The latest news on Neanderthal genetics suggest that they were not too many. The figure mentioned is of 1500-3500 effective female population size (in Europe), so guess some 5000-10000 total. Does this make sense? And for Homo sapiens too?
In truth I really don't know but I've been making some amateurish estimates for the Franco-Cantabrian region, which apparently was the most populated region of Upper Paleolithic Europe. The Old Country had some 240,000 square kilometers (calculated by adding the areas of regions and provinces/departments that were inhabited back then) and, roughly, a hunter-gatherer group would typically use some 10,000 square kilometers (100 km x 100 km) in Canada (Gamble 2001) but apparently only some 1600 square kilometers (40 km x 40 km) in Cantabrian Magdelenian (Marín Arroyo 2009), roughly what would be now a "comarca", valley or district.
The latter figure fits well with Gamble's findings for Neanderthal foraging areas in Aquitaine (83% of materials from a radius of less than 20 km, no materials from further than 100 km) but would be small for the Carpathian area (48% from less than 20km, 81% from less than 80 km). The colder and drier Central Europe would then require the exploitation of areas closer in range to those of Inuits. Still the situation of the Rhin (only one case mentioned) would be more similar to that of the SW than to Moravia.
So for the Franco-Cantabrian region we could get as many 150 bands or clans, at least for Magdalenian times, when the use of the territory was most intense, each one with their territory of c. 1600 square kilometers.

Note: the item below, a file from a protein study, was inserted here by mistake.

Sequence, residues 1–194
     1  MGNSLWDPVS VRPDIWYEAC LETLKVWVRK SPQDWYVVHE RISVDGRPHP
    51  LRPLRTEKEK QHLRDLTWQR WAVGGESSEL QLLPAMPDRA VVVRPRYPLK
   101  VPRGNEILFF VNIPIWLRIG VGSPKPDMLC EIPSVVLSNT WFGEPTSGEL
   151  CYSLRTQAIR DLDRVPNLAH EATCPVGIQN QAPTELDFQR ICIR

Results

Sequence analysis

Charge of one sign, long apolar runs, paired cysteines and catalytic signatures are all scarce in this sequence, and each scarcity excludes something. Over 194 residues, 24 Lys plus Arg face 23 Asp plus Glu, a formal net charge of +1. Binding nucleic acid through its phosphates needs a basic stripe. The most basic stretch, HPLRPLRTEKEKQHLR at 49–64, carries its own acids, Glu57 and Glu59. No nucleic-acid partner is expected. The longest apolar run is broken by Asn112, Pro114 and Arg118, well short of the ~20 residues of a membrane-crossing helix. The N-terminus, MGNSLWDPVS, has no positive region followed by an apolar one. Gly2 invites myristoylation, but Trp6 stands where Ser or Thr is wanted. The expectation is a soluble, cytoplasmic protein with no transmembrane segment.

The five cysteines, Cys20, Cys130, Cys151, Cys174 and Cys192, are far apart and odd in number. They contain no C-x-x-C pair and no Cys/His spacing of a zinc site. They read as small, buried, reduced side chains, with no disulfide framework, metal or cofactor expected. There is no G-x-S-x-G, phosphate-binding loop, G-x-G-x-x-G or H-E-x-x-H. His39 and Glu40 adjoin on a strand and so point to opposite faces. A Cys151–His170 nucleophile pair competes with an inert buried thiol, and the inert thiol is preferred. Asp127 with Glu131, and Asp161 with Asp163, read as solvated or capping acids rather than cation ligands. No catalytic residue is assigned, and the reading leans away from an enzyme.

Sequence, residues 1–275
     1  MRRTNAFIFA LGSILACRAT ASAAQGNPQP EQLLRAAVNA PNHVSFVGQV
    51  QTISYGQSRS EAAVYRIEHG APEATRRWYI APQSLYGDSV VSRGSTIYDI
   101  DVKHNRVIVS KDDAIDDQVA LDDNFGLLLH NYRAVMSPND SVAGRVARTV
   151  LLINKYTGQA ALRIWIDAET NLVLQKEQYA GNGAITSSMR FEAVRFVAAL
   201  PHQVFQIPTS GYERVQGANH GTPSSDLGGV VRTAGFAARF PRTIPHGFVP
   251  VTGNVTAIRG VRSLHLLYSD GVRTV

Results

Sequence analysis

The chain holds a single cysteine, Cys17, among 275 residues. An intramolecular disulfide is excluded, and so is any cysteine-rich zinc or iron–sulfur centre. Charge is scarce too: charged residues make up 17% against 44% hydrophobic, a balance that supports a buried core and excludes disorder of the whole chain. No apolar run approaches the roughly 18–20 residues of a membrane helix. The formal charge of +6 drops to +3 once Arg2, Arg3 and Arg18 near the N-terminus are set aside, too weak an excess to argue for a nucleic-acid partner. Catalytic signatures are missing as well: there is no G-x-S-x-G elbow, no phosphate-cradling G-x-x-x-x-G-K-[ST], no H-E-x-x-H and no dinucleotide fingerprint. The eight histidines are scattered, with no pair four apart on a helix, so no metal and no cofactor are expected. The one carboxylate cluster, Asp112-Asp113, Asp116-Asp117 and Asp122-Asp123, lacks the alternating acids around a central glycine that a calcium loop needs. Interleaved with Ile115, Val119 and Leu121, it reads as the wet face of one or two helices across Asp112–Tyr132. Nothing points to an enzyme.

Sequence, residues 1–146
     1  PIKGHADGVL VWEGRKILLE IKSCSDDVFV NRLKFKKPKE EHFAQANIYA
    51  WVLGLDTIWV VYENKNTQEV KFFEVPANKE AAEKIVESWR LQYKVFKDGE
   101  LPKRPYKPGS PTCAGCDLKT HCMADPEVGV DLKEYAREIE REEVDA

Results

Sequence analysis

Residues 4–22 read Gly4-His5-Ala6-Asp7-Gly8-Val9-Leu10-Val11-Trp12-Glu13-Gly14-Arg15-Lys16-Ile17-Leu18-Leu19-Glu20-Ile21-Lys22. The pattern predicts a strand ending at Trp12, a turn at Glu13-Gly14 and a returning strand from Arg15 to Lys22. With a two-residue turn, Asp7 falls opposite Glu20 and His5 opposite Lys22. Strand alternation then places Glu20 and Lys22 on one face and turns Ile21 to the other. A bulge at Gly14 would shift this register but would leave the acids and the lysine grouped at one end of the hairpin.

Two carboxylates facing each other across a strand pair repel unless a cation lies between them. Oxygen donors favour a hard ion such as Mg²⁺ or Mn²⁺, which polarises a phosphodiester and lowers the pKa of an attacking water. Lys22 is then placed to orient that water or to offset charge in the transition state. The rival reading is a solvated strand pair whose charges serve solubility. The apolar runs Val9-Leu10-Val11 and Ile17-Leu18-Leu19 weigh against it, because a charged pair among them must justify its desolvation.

My biggest doubt is how many people would these bands include: would they be simple bands of c. 30 individuals (20 to 80 following Gamble) or would they be larger groups of maybe 100 people including several of these bands, forming some sort of clan (more than 50 according to Gamble)? Maybe some of my readers has the solution but at the moment I do not. I guess that in earlier times (Aurignacian), these bands could be smaller and that by the end of the Paleolithic (Magdalenian) they would be larger instead.
Just in case here are the results using both figures for band: 30 and 100 people (as reasonable medians):
a. 150 x 30 = 4500 people
b. 150 x 100 = 15,000 people
If you think my estimate for the number of clans is a little high, then sand the figures down a bit. A conservative estimate could be 3000-10,000 people for the Franco Cantabrian region maybe.
And for all Europe? Well, the FC region was without doubt the most densely populated back then, so guess that multiplying this figure by 2, 3 or 4, you'd get a decent estimate. Let's estimate that 1 out of 3 UP Europeans lived in the FC region, that would make the total population of Europe something like 9000-30,000 individuals.
I began this post saying that there were some 5000-10,000 Neanderthals in Europe prior to the arrival of AMHs, based on the most recent genetic data. Does this fit with what I have elaborated? Yes. Even too well I fear.
And I say "I fear" because I really expected AMHs, who after all outcompeted the Neanderthals, to be significatively more efficient, so I do fear to have sinned of conservatism when doing these estimates. But well, this is nothing but an exercise without further pretenses: some thoughts to share with my readers.
After writing this, I re-read Bocquet-Appel's paper (already linked in text but only to justify the FC region as the most populated one) and I just realized he also makes his own popualtion estmates (with different and surely more serious methods). His conclusions are not that different from my own:
Aurignacian: 4400 ppl. (1700-28,400)
Gravettian: 4800 ppl. (1800-30,600)
Glacial Maximum: 5900 ppl. (2300-37,700)
Late Glacial: 28,700 ppl. (11,300-72,600)
Figures in parenthesis are considering the 47.5% confidence interval.